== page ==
Finally, protecting those at risk must also mean the protection of peacekeepers themselves. In the past few months, UN peacekeepers have been killed or injured in Mali, the Central African Republic and the Democratic Republic of Congo. UN statistics indicate just over 1,800 UN civilian personnel were affected by safety and security incidents in 2015, including 23 dead and 99 injured as a result of violence.

For decision-makers, the fear of soldiers returning home in body bags and of the associated domestic political costs constitutes a significant obstacle to UN members, including Canada, making new UN peacekeeping commitments. Yet even though narratives abound about the increasing risks to peacekeepers over time, the empirical evidence to support these claims is scant. In fact, analyses of UN peacekeeping fatalities over the last 20 years suggest overall stability in the number of attacks, in both absolute and relative terms (see work by the Stockholm International Peace Research Institute, Marina Henke and the Uppsala Conflict Data Program). As with aid workers, the patterns of attacks on peacekeepers differ from country to country, and even within a country. In several ongoing research efforts, my colleagues and I are comparing patterns of attack against aid workers and against peacekeepers (see the Peacemakers at Risk project and the Making Peacekeeping Data Work for the International Community project). Understanding these patterns is important for effective operational security management.

To protect peacekeepers, member states and the UN must first ensure that peacekeeping mandates and resources match the context. Moreover, member states must promote respect for international humanitarian law (IHL) and end impunity for attacks on peacekeepers (and on others working to protect civilians). Respect for IHL provides protection for those affected by armed conflict, whether the wounded and sick, civilians caught up in the violence or aid workers. Common article 1 of the Geneva Conventions requires not only that states respect IHL but that they hold other parties accountable for respecting IHL in armed conflict, even if they are not involved in a particular conflict.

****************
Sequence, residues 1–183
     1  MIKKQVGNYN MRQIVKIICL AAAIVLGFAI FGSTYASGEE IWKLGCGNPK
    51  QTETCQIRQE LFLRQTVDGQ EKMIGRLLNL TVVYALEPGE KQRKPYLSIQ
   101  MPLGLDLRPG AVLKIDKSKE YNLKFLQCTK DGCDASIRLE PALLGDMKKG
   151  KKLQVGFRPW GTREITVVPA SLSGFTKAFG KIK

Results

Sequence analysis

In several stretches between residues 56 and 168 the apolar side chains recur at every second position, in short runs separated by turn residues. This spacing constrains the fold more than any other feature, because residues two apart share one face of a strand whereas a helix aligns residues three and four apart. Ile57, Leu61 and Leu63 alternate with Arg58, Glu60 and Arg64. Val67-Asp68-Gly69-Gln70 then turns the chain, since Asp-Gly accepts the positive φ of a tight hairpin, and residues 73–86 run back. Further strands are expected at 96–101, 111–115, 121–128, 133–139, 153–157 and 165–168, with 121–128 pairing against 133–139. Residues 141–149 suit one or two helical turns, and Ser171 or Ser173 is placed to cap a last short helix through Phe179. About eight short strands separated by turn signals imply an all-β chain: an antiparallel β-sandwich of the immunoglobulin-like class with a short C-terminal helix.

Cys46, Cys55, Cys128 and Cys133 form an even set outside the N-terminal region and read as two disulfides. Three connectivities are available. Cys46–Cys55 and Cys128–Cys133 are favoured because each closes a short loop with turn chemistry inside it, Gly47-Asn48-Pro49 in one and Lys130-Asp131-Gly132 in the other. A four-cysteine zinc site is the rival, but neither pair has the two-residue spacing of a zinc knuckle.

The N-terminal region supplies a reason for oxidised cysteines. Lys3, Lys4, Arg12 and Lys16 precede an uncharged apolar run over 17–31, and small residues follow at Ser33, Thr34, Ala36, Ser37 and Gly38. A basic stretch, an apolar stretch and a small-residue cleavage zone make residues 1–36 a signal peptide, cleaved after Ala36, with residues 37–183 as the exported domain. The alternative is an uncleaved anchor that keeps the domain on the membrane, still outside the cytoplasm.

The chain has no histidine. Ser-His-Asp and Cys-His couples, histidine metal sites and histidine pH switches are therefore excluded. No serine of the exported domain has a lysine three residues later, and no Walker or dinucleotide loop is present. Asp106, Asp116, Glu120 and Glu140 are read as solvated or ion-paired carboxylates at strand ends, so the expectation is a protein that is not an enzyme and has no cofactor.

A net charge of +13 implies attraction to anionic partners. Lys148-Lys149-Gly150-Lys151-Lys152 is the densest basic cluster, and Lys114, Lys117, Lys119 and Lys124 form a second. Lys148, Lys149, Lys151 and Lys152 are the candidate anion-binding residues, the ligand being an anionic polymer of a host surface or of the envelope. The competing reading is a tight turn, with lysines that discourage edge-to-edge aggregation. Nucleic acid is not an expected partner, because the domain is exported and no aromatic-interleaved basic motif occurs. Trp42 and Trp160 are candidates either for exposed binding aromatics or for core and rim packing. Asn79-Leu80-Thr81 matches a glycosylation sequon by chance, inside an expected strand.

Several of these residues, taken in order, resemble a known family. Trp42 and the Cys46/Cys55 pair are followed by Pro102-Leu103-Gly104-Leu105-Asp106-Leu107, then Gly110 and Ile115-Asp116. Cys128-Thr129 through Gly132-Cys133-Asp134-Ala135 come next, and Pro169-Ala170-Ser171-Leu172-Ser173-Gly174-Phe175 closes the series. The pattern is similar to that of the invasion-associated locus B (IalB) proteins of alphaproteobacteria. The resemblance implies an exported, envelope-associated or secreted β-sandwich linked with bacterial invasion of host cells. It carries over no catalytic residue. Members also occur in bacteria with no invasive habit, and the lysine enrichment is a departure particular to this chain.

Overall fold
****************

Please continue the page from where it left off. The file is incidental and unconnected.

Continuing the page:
The UN and contributing states have a duty of care to the peacekeepers who serve under the UN flag. A commitment on the part of the participating states at the 2017 conference to identify, prosecute and hold perpetrators accountable for their actions under applicable domestic or international law frameworks would represent a significant step toward ending impunity for attacks. From my own research on the causes and consequences of violence against aid workers and other interveners, I know that efforts to prosecute or otherwise hold perpetrators accountable are appallingly scarce.

Such efforts could have important spillover effects as well. Cultivating an institutional culture that demonstrates respect for the UN’s own peacekeepers, through accountability and efforts to counter impunity, will implicitly foster respect for the civilians whom peacekeepers are supposed to protect.

This article is part of the special feature Peacekeeping Reimagined.

Photo: Dutch soldiers carry the coffins of two Dutch UN peacekeepers, during a funeral ceremony at the militairy airport in Eindhoven, The Netherlands on 11 July 2016. The two Dutch UN peacekeepers died on July 6 in an explosion in Kidal northwest Mali during a training exercise. EPA/Robin van Lonkhuijsen

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Larissa Fast
Larissa Fast, PhD, is a scholar and practitioner, working at the intersection of research, policy and practice related to humanitarianism, conflict and peacebuilding. She is senior research fellow at the Humanitarian Policy Group/ODI in London (UK).